[¶ 16] Under Swearingen, a " ‘ trial court does not abuse its discretion in refusing an indigent applicant's request for a trial transcript unless the inmate shows a particularized need, necessity or justification for its preparation and use.’ " 2013 ND 125, ¶ 13, 833 N.W.2d 532 (quoting Owens v. State, 1998 ND 106, ¶ 33, 578 N.W.2d 542). Phillips argues the benefit of having a transcript is evident because the district court entered a one sentence order bereft of findings of fact or conclusions of law and references a record which exists only in the electronic records of the court reporter.

[¶ 17] Because there is no transcript, Phillips's appellate attorney is unable to address issues presented at the hearing or the court's rationale for denying his application. Phillips's argument is sufficient

Page 735

under Swearingen to demonstrate " a particularized need, necessity or justification for its preparation and use." The transcript is not only beneficial, but crucial, in establishing Phillips's claims. As a result, the lack of a transcript from the post-conviction evidentiary hearing leaves this Court with an inadequate record to evaluate the order denying Phillips's petition for post-conviction relief. See id. at ¶ 14.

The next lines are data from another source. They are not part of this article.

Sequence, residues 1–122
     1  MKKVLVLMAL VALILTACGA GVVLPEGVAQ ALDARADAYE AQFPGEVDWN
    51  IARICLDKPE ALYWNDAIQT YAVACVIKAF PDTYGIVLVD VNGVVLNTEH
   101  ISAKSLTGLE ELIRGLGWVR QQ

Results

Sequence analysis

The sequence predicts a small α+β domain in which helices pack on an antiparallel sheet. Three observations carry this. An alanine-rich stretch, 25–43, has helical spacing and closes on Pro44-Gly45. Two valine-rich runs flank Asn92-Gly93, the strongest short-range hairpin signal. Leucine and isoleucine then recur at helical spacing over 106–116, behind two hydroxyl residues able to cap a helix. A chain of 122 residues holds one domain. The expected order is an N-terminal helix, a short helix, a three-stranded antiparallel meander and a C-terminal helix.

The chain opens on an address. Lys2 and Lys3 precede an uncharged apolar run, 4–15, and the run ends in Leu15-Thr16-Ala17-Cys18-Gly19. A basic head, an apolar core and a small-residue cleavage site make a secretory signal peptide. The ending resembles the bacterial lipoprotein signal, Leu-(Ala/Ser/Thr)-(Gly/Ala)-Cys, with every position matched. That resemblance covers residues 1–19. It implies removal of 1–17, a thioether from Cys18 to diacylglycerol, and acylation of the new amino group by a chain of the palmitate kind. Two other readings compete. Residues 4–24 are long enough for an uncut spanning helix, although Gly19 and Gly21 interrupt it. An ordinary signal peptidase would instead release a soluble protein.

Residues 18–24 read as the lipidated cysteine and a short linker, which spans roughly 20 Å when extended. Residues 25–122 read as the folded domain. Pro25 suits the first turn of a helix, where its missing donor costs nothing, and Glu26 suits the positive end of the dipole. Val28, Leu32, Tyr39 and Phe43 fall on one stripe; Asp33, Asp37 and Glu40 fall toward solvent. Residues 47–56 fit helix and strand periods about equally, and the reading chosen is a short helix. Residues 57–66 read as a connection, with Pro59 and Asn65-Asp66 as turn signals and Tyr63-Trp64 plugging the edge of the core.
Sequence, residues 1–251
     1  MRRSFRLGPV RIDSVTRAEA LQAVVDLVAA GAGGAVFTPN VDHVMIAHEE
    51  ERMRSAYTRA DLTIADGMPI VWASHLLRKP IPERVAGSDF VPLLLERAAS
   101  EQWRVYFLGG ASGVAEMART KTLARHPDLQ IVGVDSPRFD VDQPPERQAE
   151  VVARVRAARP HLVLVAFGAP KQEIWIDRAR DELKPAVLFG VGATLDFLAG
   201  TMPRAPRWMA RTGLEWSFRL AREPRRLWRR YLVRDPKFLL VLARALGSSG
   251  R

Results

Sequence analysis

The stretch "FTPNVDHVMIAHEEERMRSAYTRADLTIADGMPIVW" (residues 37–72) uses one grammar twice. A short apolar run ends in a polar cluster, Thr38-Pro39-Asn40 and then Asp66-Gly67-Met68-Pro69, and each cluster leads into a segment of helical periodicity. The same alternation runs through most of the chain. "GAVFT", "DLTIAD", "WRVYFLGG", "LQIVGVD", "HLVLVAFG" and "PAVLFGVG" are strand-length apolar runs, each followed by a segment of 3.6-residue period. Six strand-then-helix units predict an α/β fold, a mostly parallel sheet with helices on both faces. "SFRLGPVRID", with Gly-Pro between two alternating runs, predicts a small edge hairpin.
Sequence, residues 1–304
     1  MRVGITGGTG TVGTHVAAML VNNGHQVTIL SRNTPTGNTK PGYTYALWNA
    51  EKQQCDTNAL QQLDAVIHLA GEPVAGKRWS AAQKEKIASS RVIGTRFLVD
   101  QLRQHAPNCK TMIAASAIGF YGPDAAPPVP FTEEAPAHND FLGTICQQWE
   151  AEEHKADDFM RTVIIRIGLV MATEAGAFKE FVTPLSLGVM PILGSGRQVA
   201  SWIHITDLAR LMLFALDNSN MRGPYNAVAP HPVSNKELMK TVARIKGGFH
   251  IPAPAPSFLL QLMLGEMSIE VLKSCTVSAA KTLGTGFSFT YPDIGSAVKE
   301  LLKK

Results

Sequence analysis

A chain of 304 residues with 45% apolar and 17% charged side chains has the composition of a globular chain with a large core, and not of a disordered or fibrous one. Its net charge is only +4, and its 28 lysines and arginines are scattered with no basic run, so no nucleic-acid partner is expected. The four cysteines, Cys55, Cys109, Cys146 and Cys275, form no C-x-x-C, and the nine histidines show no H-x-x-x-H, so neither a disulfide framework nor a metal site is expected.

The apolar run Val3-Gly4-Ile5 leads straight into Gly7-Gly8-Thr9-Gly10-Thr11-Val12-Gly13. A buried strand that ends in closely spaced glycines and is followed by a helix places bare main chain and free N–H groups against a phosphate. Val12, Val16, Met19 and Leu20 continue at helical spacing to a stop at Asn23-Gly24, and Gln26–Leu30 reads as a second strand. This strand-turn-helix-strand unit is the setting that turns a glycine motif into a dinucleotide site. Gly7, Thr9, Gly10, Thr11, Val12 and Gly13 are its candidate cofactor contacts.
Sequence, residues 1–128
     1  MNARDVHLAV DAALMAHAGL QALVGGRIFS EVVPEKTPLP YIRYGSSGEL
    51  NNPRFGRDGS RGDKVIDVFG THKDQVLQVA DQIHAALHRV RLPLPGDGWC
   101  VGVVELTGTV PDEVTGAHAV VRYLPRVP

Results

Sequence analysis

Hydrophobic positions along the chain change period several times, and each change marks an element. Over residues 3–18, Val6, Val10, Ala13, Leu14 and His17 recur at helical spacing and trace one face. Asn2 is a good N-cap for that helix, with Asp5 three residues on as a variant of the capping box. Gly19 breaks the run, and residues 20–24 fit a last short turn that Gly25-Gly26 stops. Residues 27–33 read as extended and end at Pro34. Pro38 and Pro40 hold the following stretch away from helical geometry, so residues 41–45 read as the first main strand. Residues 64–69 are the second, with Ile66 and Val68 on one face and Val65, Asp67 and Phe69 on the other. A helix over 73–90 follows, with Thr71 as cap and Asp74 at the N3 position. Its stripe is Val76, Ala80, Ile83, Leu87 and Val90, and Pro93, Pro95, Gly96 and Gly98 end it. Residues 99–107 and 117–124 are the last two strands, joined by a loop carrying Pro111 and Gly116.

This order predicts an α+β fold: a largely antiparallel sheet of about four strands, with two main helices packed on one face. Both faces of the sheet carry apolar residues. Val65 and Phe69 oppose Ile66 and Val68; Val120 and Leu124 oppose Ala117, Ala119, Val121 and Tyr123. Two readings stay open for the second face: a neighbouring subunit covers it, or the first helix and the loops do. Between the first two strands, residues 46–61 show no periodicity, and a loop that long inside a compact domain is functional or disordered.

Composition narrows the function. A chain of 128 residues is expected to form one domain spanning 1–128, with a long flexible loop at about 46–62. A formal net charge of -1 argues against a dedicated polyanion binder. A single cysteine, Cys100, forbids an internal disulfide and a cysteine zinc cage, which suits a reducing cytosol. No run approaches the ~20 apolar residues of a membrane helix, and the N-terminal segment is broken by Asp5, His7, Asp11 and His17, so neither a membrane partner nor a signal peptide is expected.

[¶ 18] We conclude Phillips has sufficiently demonstrated " a particularized need, necessity or justification for [the transcript's] preparation and use." See Swearingen, 2013 ND 125, ¶ 13, 833 N.W.2d 532. Under these circumstances, the district court abused its discretion in not granting Phillips's request for a transcript of the post-conviction hearing. When an indigent defendant has demonstrated a particularized need entitling him to a free transcript, a court reporter or recorder must provide a transcript as needed and ordered by the court. The cost of producing the transcript is covered in the same way as in a criminal proceeding. See N.D.C.C. § 29-32.1-05(2).

III

[¶ 19] We reverse and remand with instructions for the district court to provide a transcript of the post-conviction hearing so that Phillips may properly pursue his appeal from the order denying his petition for post-conviction relief. We retain jurisdiction under N.D.R.App.P. 35(a)(3).

[¶ 20] GERALD W. VANDE WALLE, C.J., MARY MUEHLEN MARING, S.J., DANIEL J. CROTHERS, and CAROL RONNING KAPSNER, JJ., concur.

[¶ 21] The Honorable LISA FAIR McEVERS was not a member of the Court when this case was heard and did not participate in this decision. Surrogate Judge MARY MUEHLEN MARING, sitting.